Dual Functionality of HIV-1 Vif in APOBEC3 Counteraction and Cell Cycle Arrest

Daniel J. Salamango, Reuben S. Harris

Research output: Contribution to journalReview articlepeer-review

14 Scopus citations


Accessory proteins are a key feature that distinguishes primate immunodeficiency viruses such as human immunodeficiency virus type I (HIV-1) from other retroviruses. A prime example is the virion infectivity factor, Vif, which hijacks a cellular co-transcription factor (CBF-β) to recruit a ubiquitin ligase complex (CRL5) to bind and degrade antiviral APOBEC3 enzymes including APOBEC3D (A3D), APOBEC3F (A3F), APOBEC3G (A3G), and APOBEC3H (A3H). Although APOBEC3 antagonism is essential for viral pathogenesis, and a more than sufficient functional justification for Vif’s evolution, most viral proteins have evolved multiple functions. Indeed, Vif has long been known to trigger cell cycle arrest and recent studies have shed light on the underlying molecular mechanism. Vif accomplishes this function using the same CBF-β/CRL5 ubiquitin ligase complex to degrade a family of PPP2R5 phospho-regulatory proteins. These advances have helped usher in a new era of accessory protein research and fresh opportunities for drug development.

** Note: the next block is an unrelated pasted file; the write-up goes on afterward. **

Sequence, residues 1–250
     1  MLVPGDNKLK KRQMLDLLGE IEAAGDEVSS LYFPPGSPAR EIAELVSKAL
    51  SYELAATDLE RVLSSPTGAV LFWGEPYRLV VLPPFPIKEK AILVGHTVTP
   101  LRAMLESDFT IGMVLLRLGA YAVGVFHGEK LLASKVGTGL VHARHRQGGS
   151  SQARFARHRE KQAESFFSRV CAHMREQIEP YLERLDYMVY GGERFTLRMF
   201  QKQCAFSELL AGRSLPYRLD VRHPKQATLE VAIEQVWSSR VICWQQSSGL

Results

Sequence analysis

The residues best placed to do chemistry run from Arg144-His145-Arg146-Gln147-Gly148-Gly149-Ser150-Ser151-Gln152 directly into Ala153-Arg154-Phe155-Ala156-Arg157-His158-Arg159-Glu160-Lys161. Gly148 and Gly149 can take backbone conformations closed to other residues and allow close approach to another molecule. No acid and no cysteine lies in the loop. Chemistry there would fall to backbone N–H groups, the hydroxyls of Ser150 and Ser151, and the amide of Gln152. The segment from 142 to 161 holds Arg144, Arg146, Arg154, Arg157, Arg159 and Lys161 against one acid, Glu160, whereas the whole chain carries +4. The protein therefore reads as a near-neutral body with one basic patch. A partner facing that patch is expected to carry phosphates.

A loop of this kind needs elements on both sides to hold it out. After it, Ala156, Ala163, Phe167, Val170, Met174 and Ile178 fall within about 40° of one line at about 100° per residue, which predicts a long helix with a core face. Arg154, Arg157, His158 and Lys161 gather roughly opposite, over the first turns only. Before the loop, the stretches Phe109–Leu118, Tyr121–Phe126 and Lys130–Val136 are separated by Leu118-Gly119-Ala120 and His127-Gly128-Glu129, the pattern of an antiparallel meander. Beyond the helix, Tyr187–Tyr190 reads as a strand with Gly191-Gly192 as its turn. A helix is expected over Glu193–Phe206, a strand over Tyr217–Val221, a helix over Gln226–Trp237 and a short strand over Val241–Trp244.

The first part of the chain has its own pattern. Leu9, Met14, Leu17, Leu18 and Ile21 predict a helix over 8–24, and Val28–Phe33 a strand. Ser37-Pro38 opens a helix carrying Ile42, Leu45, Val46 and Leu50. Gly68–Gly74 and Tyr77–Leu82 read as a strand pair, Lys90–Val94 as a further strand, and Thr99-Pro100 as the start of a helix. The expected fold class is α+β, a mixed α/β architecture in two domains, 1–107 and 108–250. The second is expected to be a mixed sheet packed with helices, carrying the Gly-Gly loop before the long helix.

Original languageEnglish (US)
Article number622012
JournalFrontiers in Microbiology
StatePublished - Jan 12 2021
Externally publishedYes


  • PPP2R5
  • Vif
  • cell cycle arrest

ASJC Scopus subject areas

  • Microbiology (medical)
  • Microbiology


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